A liquid mixture obtained by condensation of a gaseous mixture withdrawn from column top 4 of distillation column 1 (hereinafter referred to simply as “column top condensate from column 1”) (containing MeOH and DMC in concentrations of 67.2% by weight and 32.8% by weight, respectively) was obtained at a flow rate of 2,363 g/h.

A liquid reaction mixture (containing MeOH, DMC, EG and EC in concentrations of 47.4% by weight, 1.2% by weight, 48.7% by weight and 2.6% by weight, respectively) was withdrawn from column bottom 8 of distillation column 1 at a flow rate of 1,064.6 g/h and, as in Example 1, fed to low boiling point mixture-recovering column 10 which was operated under the same conditions as in Example 1. A part of a liquid mixture obtained by condensation of a gaseous mixture withdrawn from column top 11 of column 10 (hereinafter referred to simply as “column top condensate from column 10”) was returned in a liquid form to column bottom 8 of distillation column 1 at a flow rate of 517.3 g/h. A part of a liquid withdrawn from column bottom 16 of column 10 was recovered from the production system through conduit 20 at a flow rate of 547.3 g/h. The withdrawn liquid (bottom liquid of column 10) contained EG, EC and by-produced diethylene glycol (DEG) in concentrations of 94.7% by weight, 5.0% by weight and 0.03% by weight, respectively. In the withdrawn liquid, 2-methoxyethanol (2ME) (as a possible by-product) was not detected.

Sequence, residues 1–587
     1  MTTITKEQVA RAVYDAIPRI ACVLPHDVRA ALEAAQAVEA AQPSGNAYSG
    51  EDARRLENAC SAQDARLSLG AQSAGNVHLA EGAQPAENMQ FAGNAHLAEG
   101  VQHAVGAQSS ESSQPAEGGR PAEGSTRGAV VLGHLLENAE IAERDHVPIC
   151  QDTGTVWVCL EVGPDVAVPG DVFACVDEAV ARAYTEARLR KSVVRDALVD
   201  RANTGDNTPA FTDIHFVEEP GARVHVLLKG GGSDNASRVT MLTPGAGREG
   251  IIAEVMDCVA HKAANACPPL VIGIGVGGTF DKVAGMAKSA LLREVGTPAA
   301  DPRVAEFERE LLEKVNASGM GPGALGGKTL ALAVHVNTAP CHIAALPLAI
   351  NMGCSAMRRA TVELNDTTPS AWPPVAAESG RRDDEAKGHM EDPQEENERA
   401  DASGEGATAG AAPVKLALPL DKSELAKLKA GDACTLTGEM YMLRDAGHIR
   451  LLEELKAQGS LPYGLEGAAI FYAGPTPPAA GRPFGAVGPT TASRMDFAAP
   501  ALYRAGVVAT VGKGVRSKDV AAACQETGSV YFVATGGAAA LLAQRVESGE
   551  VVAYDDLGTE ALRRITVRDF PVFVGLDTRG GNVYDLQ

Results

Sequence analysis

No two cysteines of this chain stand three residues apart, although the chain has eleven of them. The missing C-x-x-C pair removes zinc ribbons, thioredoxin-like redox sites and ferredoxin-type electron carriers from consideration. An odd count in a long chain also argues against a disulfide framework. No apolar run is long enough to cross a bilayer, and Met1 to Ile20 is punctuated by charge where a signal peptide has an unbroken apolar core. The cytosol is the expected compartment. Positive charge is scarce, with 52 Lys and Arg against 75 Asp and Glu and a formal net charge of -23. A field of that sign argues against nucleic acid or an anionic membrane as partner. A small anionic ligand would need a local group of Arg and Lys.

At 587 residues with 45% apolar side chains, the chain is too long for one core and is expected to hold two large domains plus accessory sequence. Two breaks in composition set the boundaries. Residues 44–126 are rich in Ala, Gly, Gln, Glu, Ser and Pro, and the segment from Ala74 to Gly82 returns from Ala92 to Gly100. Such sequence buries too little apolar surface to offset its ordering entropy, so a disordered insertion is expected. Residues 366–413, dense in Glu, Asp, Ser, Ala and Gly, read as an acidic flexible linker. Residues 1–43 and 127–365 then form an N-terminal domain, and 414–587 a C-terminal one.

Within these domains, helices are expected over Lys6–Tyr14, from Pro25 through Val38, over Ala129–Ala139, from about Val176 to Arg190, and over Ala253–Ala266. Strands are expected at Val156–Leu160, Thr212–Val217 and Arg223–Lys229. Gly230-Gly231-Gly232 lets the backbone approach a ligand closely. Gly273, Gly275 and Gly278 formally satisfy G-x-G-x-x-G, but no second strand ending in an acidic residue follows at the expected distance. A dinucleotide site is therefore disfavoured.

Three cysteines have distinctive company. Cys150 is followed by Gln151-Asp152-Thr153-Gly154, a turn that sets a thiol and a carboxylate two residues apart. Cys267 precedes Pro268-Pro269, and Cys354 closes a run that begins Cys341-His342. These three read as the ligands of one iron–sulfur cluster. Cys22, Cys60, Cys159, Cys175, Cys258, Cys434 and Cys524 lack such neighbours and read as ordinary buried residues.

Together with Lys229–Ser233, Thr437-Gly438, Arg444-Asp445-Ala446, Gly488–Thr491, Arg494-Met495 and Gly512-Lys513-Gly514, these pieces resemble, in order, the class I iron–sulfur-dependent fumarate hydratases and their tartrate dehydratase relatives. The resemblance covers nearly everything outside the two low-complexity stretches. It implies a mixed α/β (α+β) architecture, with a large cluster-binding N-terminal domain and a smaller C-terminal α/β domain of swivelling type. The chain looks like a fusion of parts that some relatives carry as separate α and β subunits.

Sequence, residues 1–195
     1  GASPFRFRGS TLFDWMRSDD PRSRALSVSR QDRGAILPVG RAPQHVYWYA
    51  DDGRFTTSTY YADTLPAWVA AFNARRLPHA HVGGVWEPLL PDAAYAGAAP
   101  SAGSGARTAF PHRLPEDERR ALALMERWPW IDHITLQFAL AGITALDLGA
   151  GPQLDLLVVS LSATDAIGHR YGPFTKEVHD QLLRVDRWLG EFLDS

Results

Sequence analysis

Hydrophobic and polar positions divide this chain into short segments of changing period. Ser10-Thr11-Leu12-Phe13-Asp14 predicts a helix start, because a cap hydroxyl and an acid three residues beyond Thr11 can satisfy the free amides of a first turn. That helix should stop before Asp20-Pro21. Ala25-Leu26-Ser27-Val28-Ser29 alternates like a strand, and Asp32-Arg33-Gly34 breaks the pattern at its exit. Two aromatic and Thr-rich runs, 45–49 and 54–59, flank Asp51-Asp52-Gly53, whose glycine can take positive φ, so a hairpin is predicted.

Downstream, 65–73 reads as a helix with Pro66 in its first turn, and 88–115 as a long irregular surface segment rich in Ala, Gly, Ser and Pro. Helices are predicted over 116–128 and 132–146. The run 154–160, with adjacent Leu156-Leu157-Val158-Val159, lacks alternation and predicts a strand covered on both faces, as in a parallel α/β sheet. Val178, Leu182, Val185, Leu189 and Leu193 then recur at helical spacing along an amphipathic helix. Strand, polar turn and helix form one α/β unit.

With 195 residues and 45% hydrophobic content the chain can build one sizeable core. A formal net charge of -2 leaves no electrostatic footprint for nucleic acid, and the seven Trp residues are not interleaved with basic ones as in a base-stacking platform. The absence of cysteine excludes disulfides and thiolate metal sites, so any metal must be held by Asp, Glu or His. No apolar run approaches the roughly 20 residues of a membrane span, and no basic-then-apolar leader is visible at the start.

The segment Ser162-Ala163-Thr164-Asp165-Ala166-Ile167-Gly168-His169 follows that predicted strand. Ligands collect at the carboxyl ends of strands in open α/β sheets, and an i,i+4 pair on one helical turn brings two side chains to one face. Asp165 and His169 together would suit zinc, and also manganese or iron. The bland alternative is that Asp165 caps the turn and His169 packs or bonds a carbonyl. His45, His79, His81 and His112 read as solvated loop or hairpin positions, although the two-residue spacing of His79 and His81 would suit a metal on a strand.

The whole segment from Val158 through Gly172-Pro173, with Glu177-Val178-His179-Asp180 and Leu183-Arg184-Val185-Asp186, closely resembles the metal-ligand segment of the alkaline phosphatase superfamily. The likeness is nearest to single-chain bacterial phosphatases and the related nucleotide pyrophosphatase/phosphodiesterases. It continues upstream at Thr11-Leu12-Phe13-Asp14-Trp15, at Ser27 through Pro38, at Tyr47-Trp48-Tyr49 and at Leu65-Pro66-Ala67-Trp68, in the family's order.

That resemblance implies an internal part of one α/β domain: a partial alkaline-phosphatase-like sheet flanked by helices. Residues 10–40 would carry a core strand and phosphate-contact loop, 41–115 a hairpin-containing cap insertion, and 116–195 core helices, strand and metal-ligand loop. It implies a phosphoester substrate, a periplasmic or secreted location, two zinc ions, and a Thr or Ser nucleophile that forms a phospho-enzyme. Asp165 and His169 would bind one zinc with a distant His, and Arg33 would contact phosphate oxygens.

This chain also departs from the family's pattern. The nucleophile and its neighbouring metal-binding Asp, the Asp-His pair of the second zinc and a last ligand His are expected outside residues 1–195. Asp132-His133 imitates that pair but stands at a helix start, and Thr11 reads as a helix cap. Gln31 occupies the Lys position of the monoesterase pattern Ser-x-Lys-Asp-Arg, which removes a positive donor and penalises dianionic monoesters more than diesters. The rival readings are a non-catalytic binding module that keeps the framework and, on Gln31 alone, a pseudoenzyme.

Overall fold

From the above data, it can be seen that the conversion of EC was 96%, the yield of DMC was 96% (DMC was produced at a production rate of 710 g/h), the selectivity for DMC was not lower than 99.9%, the yield of EG was 96% (EG was produced at a production rate of 489 g/h), and the selectivity for EG was not lower than 99.9%. Also, the volume (V) of the reaction zone in continuous multi-stage distillation column 1 was calculated as follows: V=π×2.52×135/1,000=2.65 liter. Therefore, the productivity of DMC in terms of the space time yield was: 710/2.65=268 g/liter·h. The conditions and results of the transesterification reaction are shown in Table 1.

COMPARATIVE EXAMPLE 1

Dimethyl carbonate (DMC) and ethylene glycol (EG) were continuously produced from ethylene carbonate (EC) and methanol (MeOH) in substantially the same manner as in Example 2, except that the reaction pressure of column bottom 8 of distillation column 1 was 101,000 Pa (1 atm) and that, as a result, the reaction temperature of column bottom 8 of distillation column 1 was 79.6° C., and gas density ρg and gas velocity ug in distillation column 1 were 1.130 kg/m3 and 0.270 m/s, respectively, and hence the F-factor of distillation column 1 was 0.29.